Hong Kong Chief Executive John Lee said that the government is “actively considering” new arrangements for international travellers, including possibly scrapping the city’s current quarantine and pre-departure PCR testing requirements.
Speaking at a press conference on Tuesday, the CE said that the government takes a “positive view of the declining trend of confirmed [Covid-19] cases” in the community. He added that the various departments involved in making any changes to the current measures are studying the room they have to relax them.
“The government’s position is very clear. While we will do our best to control the epidemic, we aim to have the maximum connection with the international world and also to reduce the inconvenience to people who arrive at Hong Kong. That is a very clear goal and that goal I am maintaining in one direction, and [we are] trying our best to ensure we don’t roll back any measures,” said Lee, adding that the authorities will make an announcement when they reach a decision about any new measures.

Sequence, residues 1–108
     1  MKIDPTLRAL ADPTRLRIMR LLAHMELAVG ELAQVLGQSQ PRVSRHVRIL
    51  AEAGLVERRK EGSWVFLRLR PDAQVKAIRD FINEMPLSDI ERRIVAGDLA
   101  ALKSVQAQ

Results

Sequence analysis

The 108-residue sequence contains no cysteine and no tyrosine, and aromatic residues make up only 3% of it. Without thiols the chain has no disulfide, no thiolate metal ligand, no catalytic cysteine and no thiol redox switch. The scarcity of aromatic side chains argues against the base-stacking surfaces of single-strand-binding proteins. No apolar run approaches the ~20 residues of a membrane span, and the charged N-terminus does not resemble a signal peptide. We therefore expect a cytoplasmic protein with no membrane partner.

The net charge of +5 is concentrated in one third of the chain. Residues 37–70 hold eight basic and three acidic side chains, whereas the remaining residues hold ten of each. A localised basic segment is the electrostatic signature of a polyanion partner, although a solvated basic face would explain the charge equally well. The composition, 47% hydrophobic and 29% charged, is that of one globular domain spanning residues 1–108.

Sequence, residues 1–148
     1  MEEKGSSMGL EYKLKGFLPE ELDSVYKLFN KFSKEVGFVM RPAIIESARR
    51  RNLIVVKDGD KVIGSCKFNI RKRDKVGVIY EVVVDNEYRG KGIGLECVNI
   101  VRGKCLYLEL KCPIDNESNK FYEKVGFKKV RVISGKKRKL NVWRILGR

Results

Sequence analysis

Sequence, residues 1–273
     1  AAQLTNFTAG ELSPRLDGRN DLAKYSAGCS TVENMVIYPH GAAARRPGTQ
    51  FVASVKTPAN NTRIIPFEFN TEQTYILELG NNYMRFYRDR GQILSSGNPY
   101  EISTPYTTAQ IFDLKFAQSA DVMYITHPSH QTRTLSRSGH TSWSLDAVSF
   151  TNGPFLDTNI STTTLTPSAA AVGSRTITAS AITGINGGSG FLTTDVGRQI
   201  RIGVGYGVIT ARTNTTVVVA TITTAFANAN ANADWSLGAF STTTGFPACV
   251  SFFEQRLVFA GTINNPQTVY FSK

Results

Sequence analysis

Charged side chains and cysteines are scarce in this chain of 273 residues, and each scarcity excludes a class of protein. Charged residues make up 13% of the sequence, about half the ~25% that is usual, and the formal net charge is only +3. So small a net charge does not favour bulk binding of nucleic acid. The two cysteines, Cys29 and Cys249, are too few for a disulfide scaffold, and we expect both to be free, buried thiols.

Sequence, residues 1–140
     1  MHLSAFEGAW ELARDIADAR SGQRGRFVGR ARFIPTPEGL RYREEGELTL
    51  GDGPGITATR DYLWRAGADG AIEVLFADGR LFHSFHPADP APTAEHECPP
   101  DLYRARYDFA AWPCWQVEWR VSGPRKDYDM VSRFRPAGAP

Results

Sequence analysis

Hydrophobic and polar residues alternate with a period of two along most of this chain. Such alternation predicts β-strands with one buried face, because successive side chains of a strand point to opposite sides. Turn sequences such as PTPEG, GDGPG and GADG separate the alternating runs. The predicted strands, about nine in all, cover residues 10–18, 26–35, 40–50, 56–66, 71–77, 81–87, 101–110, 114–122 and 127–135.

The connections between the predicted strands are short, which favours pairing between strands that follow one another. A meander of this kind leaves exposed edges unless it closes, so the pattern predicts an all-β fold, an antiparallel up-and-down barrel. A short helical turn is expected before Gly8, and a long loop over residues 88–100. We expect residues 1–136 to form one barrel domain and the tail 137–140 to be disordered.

The CE’s remarks come after iconic events like the Hong Kong Marathon was cancelled, and the World Dragonboat Racing Championships 2023 was moved to Thailand from the SAR due to the city’s prevailing anti-epidemic measures, which include restrictions on inbound travellers and limits on crowd capacity at large-scale events.
Under Hong Kong’s current quarantine restrictions, all arrivals into the city spent the first three days in a designated quarantine hotel and the following four days under medical surveillance. They must also show proof of a negative PCR test result taken within 48 hours of their planned arrival in the SAR, or a negative RAT result within the past 24 hours if they recovered from the virus within the past three months.
Header image credits: YY via Flickr